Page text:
Hot Dub Wine Machine concert goers taken to hospital for "drug and alcohol associated illnesses”

AMBULANCE officers took 12 people attending the Hot Dub Wine Machine music event in the Hunter Valley to hospital with “drug and alcohol associated illnesses”, capping off a night that also included police charging four people for drug possession and 61 ejections from the venue.

Central Hunter duty officer Inspector Peter Vromans said ambulance officers took 12 affected patrons from the Saturday night event attended by more than 10,000 people at Hope Estate to Cessnock Hospital.

Police joined by two drug detection dogs charged four men with possessing prohibited drugs, issued four criminal infringement notices and three infringement notices.

“People should not expect to escape detection,” Inspector Vromans said.

“People will be dealt with according to the law if they have prohibited drugs, which pose a significant risk to people’s health as can be seen from the number of people taken to hospital. Every single incident of drug use carries a risk.”

He said police had received no reports – and were not making any investigations – related to allegations of drink spiking.

Inspector Vromans said a 27-year-old was found with a small quantity of suspected cocaine, a 22-year-old and 19-year-old were each found with a small quantity of suspected methamphetamine and a 23-year-old was found with four tablets suspected to be ecstasy.

All were given field court attendance notices to attend Cessnock Local Court on April 19.

Hope Estate owner and registered pharmacist Michael Hope said neither police or ambulance officers had spoken to him about any confirmed “overdoses”.

He described himself as an “avid anti-drug campaigner” and said he had “zero tolerance” for drugs and anti social behaviour.

“I embrace the police coming here and bringing the [drug detection] dogs,” he said. “I realise a lot of kids will pop a pill because they reckon it makes them feel good, but they have no idea what’s in it.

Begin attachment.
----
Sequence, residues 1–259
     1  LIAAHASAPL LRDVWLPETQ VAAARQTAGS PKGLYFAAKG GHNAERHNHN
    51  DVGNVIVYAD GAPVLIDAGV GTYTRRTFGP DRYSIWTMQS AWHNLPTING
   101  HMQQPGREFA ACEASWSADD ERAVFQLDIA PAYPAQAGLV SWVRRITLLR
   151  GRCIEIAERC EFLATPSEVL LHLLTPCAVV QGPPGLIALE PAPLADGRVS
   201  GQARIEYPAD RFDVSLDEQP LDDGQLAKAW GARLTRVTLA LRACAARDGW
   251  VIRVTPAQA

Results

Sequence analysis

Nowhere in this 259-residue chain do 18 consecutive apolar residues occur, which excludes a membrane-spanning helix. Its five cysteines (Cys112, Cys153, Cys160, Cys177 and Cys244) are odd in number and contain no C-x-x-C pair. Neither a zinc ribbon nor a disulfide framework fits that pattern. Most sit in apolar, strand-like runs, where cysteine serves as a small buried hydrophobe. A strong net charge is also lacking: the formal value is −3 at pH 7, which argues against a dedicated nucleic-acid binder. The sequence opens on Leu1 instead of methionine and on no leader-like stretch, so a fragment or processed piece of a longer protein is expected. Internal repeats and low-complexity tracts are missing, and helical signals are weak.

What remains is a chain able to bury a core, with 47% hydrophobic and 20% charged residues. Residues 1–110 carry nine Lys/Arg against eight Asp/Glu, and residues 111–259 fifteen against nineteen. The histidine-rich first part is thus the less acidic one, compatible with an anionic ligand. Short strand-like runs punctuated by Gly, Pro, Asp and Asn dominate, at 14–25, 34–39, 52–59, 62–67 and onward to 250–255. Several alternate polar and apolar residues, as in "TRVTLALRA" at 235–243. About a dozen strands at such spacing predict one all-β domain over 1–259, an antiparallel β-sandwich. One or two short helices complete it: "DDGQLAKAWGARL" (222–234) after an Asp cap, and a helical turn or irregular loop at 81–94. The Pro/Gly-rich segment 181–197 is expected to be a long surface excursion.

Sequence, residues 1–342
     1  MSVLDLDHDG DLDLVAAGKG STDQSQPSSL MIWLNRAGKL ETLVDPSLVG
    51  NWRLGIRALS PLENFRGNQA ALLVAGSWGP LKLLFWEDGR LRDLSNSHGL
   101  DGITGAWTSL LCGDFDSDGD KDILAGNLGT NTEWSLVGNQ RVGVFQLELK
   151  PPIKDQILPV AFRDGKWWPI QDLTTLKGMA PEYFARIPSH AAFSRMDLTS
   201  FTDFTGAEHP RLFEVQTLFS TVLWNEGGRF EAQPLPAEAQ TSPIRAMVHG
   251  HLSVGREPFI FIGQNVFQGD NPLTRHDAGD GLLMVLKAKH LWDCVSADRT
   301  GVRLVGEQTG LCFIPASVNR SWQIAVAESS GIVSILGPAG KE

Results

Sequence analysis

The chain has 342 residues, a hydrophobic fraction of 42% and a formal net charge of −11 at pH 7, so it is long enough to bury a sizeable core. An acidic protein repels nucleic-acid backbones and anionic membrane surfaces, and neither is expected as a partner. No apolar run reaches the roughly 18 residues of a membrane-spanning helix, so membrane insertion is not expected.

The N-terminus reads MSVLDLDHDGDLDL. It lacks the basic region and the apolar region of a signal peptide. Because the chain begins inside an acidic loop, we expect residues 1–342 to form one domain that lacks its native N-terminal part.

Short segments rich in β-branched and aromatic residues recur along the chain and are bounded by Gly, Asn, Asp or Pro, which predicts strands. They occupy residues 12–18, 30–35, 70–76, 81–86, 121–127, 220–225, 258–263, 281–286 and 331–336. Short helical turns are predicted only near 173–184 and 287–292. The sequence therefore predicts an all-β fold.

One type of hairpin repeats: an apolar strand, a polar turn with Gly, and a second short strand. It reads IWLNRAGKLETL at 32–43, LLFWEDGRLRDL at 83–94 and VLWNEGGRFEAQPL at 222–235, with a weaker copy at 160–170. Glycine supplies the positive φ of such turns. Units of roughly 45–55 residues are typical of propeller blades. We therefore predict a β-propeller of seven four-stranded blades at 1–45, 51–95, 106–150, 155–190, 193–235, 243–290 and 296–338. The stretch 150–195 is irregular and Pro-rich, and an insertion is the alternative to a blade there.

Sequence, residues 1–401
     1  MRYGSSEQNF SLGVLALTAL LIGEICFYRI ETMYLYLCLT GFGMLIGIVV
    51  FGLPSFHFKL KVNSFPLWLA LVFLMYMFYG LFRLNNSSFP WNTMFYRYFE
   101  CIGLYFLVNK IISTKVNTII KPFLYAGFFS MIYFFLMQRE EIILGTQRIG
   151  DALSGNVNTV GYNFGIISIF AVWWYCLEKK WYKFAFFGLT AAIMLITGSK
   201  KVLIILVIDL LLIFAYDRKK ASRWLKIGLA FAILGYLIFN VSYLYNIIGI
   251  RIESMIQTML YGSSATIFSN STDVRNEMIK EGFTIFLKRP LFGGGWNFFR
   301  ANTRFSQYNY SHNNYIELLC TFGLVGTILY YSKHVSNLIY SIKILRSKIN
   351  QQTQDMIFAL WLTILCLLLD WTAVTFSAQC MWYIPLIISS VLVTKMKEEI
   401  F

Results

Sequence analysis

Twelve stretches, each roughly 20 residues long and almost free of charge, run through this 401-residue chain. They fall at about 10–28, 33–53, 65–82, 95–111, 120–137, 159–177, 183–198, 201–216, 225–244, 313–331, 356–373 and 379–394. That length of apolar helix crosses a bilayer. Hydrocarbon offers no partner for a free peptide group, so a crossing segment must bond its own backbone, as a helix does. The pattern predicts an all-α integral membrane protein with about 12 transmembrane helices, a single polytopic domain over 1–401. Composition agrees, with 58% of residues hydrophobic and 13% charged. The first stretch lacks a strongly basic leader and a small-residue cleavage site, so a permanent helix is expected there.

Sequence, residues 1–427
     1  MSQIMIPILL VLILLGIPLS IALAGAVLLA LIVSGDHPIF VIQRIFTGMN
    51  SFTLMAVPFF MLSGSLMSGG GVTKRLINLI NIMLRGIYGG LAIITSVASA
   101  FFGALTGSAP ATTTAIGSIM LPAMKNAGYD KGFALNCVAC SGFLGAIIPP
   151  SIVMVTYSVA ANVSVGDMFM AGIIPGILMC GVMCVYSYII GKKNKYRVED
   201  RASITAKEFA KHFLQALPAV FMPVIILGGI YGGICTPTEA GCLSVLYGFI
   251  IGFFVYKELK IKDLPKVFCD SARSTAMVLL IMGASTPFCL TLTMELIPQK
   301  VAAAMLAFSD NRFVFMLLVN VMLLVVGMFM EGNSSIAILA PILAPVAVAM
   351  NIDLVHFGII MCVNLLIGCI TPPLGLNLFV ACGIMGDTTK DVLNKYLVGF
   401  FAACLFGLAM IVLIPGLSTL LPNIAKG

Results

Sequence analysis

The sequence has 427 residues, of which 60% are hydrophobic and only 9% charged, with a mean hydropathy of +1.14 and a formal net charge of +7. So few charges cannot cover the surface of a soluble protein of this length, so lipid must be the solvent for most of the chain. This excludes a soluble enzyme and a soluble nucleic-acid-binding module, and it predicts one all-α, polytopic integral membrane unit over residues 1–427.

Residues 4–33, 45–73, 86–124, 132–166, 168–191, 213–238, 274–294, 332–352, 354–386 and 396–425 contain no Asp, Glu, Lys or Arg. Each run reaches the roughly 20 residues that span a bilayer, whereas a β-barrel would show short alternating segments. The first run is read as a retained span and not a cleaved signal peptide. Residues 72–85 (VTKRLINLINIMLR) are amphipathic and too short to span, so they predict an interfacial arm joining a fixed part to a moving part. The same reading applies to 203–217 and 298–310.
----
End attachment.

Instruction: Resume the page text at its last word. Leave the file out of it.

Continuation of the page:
“We don’t want people coming in who are under the influence of drugs or have drugs, it adds a level of complexity that we can’t control.

“The event had a lot of wilder, younger patrons who were a lot more boisterous and it took a lot more work from us, the police and security to keep it to safe standards. We agreed to shut the bars at 6.30pm for half an hour and then it was one drink each [at a time] from 7pm.”

Mr Hope said he was “dead against” drug testing at events.

“I don’t want to be encouraging use. If someone sees three pills are ‘safe’ and then dies, then I’m complicit. It will never happen at Hope Estate.”

A spokesperson for event promoter Falcona said it worked with the venue and authorities “before, during and after the event, to implement as many harm-minimising measures as possible”.

“We believe we provided a safe environment for our ticketholders – their experience was our first priority – and the very low numbers of drug-related arrests attest to the quality of the crowd at Hot Dub Wine Machine events,” the spokesperson said in a written statement.

“There’s always going to be unavoidable outliers that occur at an event of this magnitude –  when there’s upwards of 10,000 people together – but we were fully prepared in the event that an incident out of our control should happen to take place.

“We believe we implemented all measures possible that were required, and beyond, and that’s all that can be reasonably asked of us as event organisers.”

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